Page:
ABSA Sustainability

Companies who have been able to weather the COVID-19 storm are in a better position to secure bank financing for their operations.

This is according to SHIRLEY WEBBER, Coverage Head: Natural Resources and Energy at ABSA CIB. GERARD PETER reports.

While some mining operations were able to operate with limited capacity during the COVID-19 lockdown periods, there are some who were not able to operate at all.

As such, Webber believes that it will take up to six months for mining companies to return to normality and resume full production.

This article first appeared in Mining Review Africa Issue 10, 2020
Read the full digimag here or subscribe to receive a print copy here

Of course, how quickly a mining company recovers is largely based on the commodity it mines.

“If you look at commodities such as gold and platinum, they are ahead of for example the diamond sector which will take a bit longer to recover as this is based on retail consumer demand right now,” Webber explains.

She adds that South African mines have  been able to benefit from the depreciation of the rand during the national shutdown given the exports and the prevailing US$/rand exchange rate.

Read more:
COVID-19 and its impact on the mining industry

According to Webber, the shutdown has also had an impact on the liquidity requirements of mining companies and those dependent on a single commodity have been particularly hard hit.

“We therefore expect that the short-term liquidity requirements of these companies would have increased and will most likely remain under pressure in the next few months.

“While commodity prices might have kept their own, we will look at what a company has done with regards to cash flow preservation when the mines were shut down or development of a project has been delayed due to COVID-19.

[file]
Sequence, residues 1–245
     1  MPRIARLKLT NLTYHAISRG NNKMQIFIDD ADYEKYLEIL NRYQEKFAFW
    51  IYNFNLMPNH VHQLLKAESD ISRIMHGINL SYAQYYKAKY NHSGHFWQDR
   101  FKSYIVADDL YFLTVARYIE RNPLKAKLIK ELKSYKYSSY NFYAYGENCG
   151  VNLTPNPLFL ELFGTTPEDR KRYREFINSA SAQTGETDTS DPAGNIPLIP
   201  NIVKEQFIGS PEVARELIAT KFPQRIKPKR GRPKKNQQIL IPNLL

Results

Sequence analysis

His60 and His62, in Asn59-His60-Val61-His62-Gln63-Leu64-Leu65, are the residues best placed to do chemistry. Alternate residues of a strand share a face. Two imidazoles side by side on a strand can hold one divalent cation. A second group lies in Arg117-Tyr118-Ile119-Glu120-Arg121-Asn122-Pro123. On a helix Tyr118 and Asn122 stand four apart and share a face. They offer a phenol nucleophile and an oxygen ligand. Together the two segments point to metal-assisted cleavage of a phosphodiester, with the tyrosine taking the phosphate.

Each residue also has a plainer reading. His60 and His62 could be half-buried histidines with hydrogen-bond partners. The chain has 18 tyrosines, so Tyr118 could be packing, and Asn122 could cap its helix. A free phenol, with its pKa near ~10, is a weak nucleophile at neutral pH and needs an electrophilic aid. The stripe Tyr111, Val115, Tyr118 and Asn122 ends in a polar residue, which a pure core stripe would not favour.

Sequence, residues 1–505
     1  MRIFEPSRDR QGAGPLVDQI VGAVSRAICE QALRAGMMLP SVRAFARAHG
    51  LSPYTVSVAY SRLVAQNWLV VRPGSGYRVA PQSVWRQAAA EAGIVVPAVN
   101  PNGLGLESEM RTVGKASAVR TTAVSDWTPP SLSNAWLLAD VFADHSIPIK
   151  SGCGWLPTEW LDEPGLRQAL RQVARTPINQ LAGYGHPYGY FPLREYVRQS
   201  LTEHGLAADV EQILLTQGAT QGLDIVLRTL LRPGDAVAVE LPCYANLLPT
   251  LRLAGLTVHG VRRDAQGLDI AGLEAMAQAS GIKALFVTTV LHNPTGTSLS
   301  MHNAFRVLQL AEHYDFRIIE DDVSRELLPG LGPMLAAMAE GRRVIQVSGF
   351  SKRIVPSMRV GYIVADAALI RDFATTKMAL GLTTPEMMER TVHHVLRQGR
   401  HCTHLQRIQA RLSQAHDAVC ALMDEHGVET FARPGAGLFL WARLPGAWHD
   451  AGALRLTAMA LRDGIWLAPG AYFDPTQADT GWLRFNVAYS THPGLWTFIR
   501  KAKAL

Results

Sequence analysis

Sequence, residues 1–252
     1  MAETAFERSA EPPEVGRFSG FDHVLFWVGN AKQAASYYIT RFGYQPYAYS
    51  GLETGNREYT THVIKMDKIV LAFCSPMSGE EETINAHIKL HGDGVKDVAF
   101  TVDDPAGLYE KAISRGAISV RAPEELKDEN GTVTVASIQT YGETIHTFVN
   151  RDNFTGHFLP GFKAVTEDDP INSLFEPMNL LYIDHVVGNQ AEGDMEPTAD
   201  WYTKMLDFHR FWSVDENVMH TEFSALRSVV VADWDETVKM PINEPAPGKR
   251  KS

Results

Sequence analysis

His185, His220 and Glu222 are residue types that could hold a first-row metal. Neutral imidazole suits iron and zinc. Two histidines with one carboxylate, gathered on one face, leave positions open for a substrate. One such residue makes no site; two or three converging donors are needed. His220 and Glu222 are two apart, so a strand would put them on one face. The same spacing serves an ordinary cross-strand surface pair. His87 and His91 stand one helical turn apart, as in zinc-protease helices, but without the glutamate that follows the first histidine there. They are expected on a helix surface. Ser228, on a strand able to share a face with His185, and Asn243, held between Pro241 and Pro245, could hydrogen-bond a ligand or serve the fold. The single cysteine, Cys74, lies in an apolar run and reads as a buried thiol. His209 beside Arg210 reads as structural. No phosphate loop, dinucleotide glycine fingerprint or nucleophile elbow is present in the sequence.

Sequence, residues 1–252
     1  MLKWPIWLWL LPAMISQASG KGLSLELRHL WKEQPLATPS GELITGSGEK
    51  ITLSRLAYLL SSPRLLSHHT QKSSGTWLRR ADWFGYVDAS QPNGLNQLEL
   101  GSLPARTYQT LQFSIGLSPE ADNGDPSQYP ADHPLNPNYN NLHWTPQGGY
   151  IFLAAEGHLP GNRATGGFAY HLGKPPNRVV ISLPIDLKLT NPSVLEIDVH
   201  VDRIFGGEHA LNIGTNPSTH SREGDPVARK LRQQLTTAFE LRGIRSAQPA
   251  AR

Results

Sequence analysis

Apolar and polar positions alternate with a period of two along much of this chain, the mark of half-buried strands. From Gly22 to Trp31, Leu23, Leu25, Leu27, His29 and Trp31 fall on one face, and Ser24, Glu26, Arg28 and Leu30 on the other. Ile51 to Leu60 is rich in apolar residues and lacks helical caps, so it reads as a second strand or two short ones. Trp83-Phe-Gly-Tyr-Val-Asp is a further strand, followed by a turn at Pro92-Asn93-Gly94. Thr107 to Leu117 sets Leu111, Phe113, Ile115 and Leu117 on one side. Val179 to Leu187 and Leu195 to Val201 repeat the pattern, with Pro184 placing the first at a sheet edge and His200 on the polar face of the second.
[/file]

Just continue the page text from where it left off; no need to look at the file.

Webber further states that ABSA’s mining clients are taking advantage of liquidity support that they have never utilised before.

“We were often asked in the past by  credit committees on the necessity of  liquidity support lines and our response were always clear because of  commodity cycles and that situations can  change dramatically,” she states.

“Now, these liquidity support lines have given companies something to fall back on when they were not allowed to produce. So, as long as we are comfortable with the way companies manage their finances and operations, we were very willing to make liquidity support available for our mining clients.”

Sustainability takes centre stage

When it comes to securing bank finance, Webber explains that factors considered include commodity, management structure and diversification. Diversification not only relates to commodities but also takes into account if a company has more than one project and/or operates in different regions.

“For example, we look at whether a company is only focussed on certain African regions or if it is also looking at expanding beyond Africa.”

Read more about mining:
West Africa
East Africa
North Africa
Southern Africa

Central Africa

Webber avers that the COVID-19 pandemic has brought the issue of sustainability to the fore and it will largely influence how banks finance mining activities in the future.

“If you look at South Africa, for example, we believe that there will be an energy transition. Granted, we are still heavily reliant on coal but there are a lot of alternative energy sources that are coming into play.

Read more about mining in South Africa

“Currently, we are still supporting our existing client base but we are looking at assisting our clients to move to a cleaner energy mix and also getting them to adhere to environmental policies such as the Equator Principles and the World Bank standards.”

Webber further explains that financial institutions also have to comply with these standards. As such, ABSA has signed up to the United Nations Principles for Responsible Banking.

This means that it cannot put funding in place without having a look at the impact that a mining operation will have on the environment and the communities around the mine.

While banks are willing to help their existing mining client base during these uncertain times, what about new companies that are looking for financial assistance? According to Webber, the door is very much open for smaller mining operators.

“We have and we will continue to look at smaller mining operators. A lot of this depends on where the commodity fits into the bank’s risk profile. Is it a commodity that is going to be part and parcel of sustainability going forward and is part of the cleaner energy mix?

“We have a strategy in terms of where we can and cannot play but ultimately it comes down to management, the type of commodity and the region in which a company operates along with the legislative framework of that particular country,” she concludes.